Ok, I understand, thanks to Unca Cecil why I sneeze when I step into sunlight. But does anyone know why the sneezing then makes my nipples erect? I’m female and not (unlike Jennifer Aniston) prone to frequent nipple erectness. What gives? I have no idea why one would cause the other.
Hang on Gracie, I’m bringing the pepper over!
“When the going gets weird, the weird turn pro.”
My kind of humour
Gracie, try yawning instead.
Check it out;
Search “yawning”. have fun
This has been discussed on another thread awhile back, but I don’t remember where.
Be careful not to yawn and sneeze ay the same time. Too much of a good thing.
“If you tell the truth you don’t have to remember anything” Mark Twain 1894
[q]Search “yawning”. have fun
This has been discussed on another thread awhile back, but I don’t remember where.[/q]
Actually, I was the culprit (if you were thinking of the thread I’m thinking of). Wanted to know the answer to the age-old questions: “Why is yawning a communicable disease?” and “Why simply thinking, reading or speaking about yawning makes you yawn?” If memory serves, Unca Cece had already tackled the subject, but with limited success. And judging from the lukewarm response I got here, either our brother and sister Dopers are stumped (definite impossibility), or couldn’t care less (definite probability)
This one has me stumped because I’ve never observed that sneezing makes my nipples erect. I mean, it might happen, and I just don’t notice, but it’s never been a concern of mine.
The only possible explanation I could see would be that the jerky motion of sneezing causes excessive abrasion between skin and clothing, causing irritation and subsequent nipple erection. Just a guess, though.
“Do you have a cold, or are you just happy to see me?”
The overwhelming majority of people have more than the average (mean) number of legs. – E. Grebenik
I know this is kinda dumb but in Penthouse magazine many years back they asked Xavier how to make nipples stick out. And she said to practice something called lock-nip-tit-out and it was done by holding the breath.
So, in other words, the force of air inside may force them out. Bear in mind some people have inverted nipples so you don’t see them.
I’m with Eris on this – never hoid of it. I’ve never heard of being able to control your nipples, either, so that you’d be able to make 'em stay out, so to speak. I’ve always thought of it as being like goosebumps, in the sense that I know certain factors that cause ‘protrusion,’ but I can’t control it. And I’ve never heard of any one who can, though it’s unlikely to be something people chat about at parties.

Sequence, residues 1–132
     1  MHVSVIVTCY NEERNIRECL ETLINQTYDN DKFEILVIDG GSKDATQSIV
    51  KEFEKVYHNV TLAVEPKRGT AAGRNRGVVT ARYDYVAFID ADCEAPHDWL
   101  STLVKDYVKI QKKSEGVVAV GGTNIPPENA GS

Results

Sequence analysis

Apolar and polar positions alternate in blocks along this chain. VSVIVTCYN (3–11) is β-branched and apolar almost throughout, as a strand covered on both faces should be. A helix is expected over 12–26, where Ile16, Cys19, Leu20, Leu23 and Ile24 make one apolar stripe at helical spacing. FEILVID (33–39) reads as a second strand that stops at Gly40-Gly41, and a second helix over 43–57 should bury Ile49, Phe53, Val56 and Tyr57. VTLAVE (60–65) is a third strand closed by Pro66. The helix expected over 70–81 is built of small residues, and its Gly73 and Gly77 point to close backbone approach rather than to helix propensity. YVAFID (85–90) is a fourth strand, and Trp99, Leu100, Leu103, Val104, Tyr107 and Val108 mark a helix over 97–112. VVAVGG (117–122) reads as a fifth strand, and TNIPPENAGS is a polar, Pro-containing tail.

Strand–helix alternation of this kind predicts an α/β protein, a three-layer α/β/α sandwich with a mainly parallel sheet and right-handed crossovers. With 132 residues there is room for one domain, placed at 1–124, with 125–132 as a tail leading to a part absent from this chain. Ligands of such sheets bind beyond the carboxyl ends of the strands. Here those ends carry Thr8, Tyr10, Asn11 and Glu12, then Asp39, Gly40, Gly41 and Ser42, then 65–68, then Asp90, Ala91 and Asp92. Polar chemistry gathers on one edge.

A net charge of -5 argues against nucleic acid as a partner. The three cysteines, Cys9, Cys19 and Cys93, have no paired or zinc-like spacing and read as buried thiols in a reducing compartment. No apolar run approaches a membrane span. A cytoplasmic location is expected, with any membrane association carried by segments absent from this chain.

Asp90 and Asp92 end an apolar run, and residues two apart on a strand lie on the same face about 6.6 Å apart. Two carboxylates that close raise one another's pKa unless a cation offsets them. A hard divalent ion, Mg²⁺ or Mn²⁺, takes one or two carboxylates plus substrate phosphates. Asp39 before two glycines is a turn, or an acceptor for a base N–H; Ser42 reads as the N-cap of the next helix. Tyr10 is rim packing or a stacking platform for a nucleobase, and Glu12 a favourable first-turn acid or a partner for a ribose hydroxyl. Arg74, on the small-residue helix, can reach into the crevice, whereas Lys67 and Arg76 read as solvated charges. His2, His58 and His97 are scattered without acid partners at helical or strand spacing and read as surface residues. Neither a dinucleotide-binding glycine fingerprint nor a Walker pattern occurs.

A few years ago, one of my health teachers explained that a sneeze is actually a microorgasm. The next time someone sneezes, instead of saying “bless you,” one might consider
“How was that for you?”
“[He] beat his fist down upon the table and hurt his hand and became so
further enraged… that he beat his fist down upon the table even harder and
hurt his hand some more.” – Joseph Heller’s Catch-22
[[A few years ago, one of my health teachers explained that a sneeze is actually a microorgasm.]]
What a strange idea. I’d like to hear the physiological explanation for that one. Wasn’t there some crony of Freud’s who believed that the nose and genitals were connected in some way? In some subconscious psychological way, I mean. Excuse the image.
I’d actually heard that a sneeze was a tenth of an orgasm, not a millionth (micro) of one.
This was from a friend who went to MIT, and told me that was the common wisdom there. I’ve always thought MIT grads were a little off, though…
Come to think of it, my wife commonly sneezes in sets of 3 or more–I’ll have to ask her opinion :).
I don’t think I’ve heard that a sneeze is an orgasm, it’s just the only other nervous reaction that comes close to resembling one, and I think the mechanics behind both phenomena are still unknown.
As for sneezing making nipples erect, yes, that’s happened to me, too, but it’s usually accompanied by goosebumps and shivering or shuddering so I thought it was all related.
Hmm… but why do I get goosebumps and shudder when I sneeze and I’m not sick? Probably akin to the goosebumps and shudder that occurs when “a goose walks over my grave.” But what causes that??
“I hope life isn’t a big joke, because I don’t get it,” Jack Handy
Sorry guys, I don’t feel satisfied. I still don’t feel like I’ve gotten a good answer. I searched the old threads (btw, you’d be surprised how commonly the phrase “nothing to sneeze at” is used in non-sneeze-related threads) and looked in my SD books and still don’t feel like I have a good answer.
I don’t always get goosebumps, just sometimes, but I still have the somewhat embarassing nipple problem every time I achoo.